Next week, Governor General Julie Payette will take to the throne in Canada’s Senate chamber to deliver the Liberal government’s blueprint for recovery from the COVID-19 pandemic.
Already, Prime Minister Justin Trudeau and his ministers are building expectations for new investment in green infrastructure, measures to address systemic racism, and reforms to employment insurance that could inch toward a universal basic income.
But across the North, many advocates are hoping the speech’s ambitious vision does not look past long-standing issues they say must be addressed as part of any economic recovery.
“We want the prime minister … during the Throne Speech, to acknowledge that there needs to be more,” said Rebecca Kudloo, president of Pauktuutit Inuit Women of Canada.
“Northerners are different from anybody else in Canada,” she said. “I’m hoping they’ll have a better understanding of our needs up here.”
Renewed action on MMIWG
Many of the issues raised by northern leaders are not new — like putting an end to violence against Indigenous women and girls.
Kudloo said she was “disappointed” to learn the pandemic delayed federal action on the findings of the inquiry into missing and murdered Indigenous women and girls, now more than a year old.
“The families went through a lot during the inquiry, and they are waiting another year now to see if anything is going to be happening,” she said.
As the Liberal caucus hints at historic measures to tackle systemic racism in next week’s speech, Kudloo also pointed to recently publicized “horror stories” of women’s arrests in Nunavut — including allegations of degrading strip searches and excessive violence that had northern leaders calling for a review of policing in the territory.
Kudloo said federal investments in expanding cultural training and providing access to Inuit interpreters would go some way to improving those encounters.
Kudloo’s organization is also pushing for $20 million in federal money to construct five new Inuit women’s shelters that could save lives in winter.
“We deal with very extreme cold weather,” she said. “If a woman has to try and get away, it’s going [out into] 30, 40 below outside, along with the children.”
She described the shortage of shelter space, along with slow police response times and a lack of Inuktitut services, as chronic, underfunded issues that put vulnerable women at greater risk and enable family violence.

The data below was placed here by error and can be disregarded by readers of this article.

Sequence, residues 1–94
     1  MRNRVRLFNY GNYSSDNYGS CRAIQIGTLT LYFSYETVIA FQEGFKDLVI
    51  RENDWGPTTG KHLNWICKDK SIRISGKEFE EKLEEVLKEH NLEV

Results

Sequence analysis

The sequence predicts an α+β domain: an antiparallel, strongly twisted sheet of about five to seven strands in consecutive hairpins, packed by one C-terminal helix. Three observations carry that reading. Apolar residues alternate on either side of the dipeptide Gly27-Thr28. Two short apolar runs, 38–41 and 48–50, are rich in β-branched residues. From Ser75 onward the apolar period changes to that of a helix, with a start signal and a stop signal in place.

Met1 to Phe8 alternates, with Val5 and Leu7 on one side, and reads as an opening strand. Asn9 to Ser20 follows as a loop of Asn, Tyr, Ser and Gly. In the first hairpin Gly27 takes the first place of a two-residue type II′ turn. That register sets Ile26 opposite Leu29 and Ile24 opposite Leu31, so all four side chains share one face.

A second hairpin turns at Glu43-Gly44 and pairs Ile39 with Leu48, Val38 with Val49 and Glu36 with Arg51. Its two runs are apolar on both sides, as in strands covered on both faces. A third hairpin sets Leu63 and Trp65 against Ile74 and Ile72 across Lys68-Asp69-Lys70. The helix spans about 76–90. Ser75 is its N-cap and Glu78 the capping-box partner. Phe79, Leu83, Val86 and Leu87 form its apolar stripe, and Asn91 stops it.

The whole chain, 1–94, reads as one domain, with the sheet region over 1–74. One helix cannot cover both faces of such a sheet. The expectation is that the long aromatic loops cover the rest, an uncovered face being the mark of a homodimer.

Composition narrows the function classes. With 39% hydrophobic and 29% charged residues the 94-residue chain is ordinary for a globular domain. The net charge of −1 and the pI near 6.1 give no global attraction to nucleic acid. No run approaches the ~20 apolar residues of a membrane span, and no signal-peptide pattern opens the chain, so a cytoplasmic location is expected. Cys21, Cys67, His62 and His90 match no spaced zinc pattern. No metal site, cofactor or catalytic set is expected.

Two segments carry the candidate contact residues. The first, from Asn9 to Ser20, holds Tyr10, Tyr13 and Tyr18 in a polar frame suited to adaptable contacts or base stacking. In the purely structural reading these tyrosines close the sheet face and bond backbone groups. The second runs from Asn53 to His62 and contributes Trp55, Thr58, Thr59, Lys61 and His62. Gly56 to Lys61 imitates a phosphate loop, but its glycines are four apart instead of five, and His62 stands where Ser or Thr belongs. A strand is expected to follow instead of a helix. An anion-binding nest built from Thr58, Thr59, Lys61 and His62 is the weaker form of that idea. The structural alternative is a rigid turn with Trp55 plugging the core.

Reinvestment in housing
It’s not just shelter space that’s in short supply in Nunavut. Aluki Kotierk, president of Nunavut Tunngavik Incorporated, the Nunavut land claim group, said she’s hoping to hear real investments in new housing for Inuit.
That was echoed by Dene National Chief Norman Yakeleya in the N.W.T., and by Charlotte Hrenchuk, co-chair of the Yukon Anti-Poverty Coalition. They both said the throne speech should contain new commitments to building affordable housing.
“Housing is such a determinant of the quality of people’s life out here,” she said. “If you don’t have a place to live you can’t be safe from COVID[-19]. You can’t be safe from anything.”
Hrenchuk said the pandemic has also “shined a spotlight on food security,” with a “new demographic” of working poor, now unemployed, showing up at food banks.
“All the agencies that are providing food to people who are food insecure are just tapped out beyond belief,” she said.
A basic annual income, which Liberals have hinted could be an end goal for employment insurance reform, would “solve a lot of those things,” she said.
Basic income — and basic amenities
Donovan Erutse agrees. He’s an organizer with Our Time Yellowknife, a youth-led climate and social justice advocacy group that is calling for the throne speech to launch major reforms.
“The pandemic has had the biggest impact for those most vulnerable in our society,” he said. “But the pandemic has also shown that the government can act quickly when they take a crisis seriously.”
Erutse’s organization has signed on to letters to territorial and federal politicians demanding that pandemic recovery be used to reduce inequality and respond to climate change.
“For the throne speech, that means investing in people and not corporations, upholding Indigenous rights and sovereignty, and treating the climate crisis like the emergency it really is,” he said.
Our Time Yellowknife is pushing for universal sick leave, better addictions treatment, and a liveable minimum wage — assessed at nearly double the existing amount in the N.W.T.